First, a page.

Vet Affairs not a money-making assignment
Published: April 9, 2012
WASHINGTON — The Sunlight Foundation earlier this month released a list of which House committees are the most profitable for lawmakers looking to raise campaign funds. The effort, done in conjunction with the NPR program “This American Life,” was designed to show why some committees are considered premium assignments by money-conscious House members, and why others are “duds.”
The top of the list is no surprise – Members of the Ways and Means, Financial Services and Energy and Commerce committees rake in tens of thousands more than their colleagues in part due to their area of focus. And, in predictable news to veterans advocates, the bottom of the list includes the House Veterans Affairs Committee.
The group estimates that lawmakers on the veterans committee receive $83,442 less each fundraising cycle than the House average for campaign donations. Only four of the 17 other committees received lower money marks (Education, Natural Resources, House Administration and Judiciary).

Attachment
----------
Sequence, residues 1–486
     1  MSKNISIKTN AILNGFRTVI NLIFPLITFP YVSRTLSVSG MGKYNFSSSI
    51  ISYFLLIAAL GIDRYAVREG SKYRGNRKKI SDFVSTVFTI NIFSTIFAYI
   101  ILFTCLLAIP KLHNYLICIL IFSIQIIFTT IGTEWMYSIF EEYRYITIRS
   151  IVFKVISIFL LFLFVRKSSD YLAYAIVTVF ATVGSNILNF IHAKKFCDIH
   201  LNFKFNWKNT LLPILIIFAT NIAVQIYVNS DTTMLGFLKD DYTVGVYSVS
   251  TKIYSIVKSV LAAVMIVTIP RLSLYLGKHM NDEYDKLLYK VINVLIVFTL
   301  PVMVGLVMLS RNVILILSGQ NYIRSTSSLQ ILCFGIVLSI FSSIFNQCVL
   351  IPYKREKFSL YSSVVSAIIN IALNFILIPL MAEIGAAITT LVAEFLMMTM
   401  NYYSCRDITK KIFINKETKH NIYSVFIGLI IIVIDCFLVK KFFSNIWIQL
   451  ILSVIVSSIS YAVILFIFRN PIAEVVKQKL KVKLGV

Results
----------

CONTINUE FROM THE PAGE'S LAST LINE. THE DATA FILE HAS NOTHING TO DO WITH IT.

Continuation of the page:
That helps explain the high turnover on the committee in recent years. Over the last eight congressional sessions, only 16 incumbent lawmakers have joined the committee, while 50 have left for greener pastures.
The foundation notes that committee assignments aren’t the sole determiner of how much money lawmakers will pull in – after all, some people are just better fundraisers than others.
What the heck is a Ruptured Duck?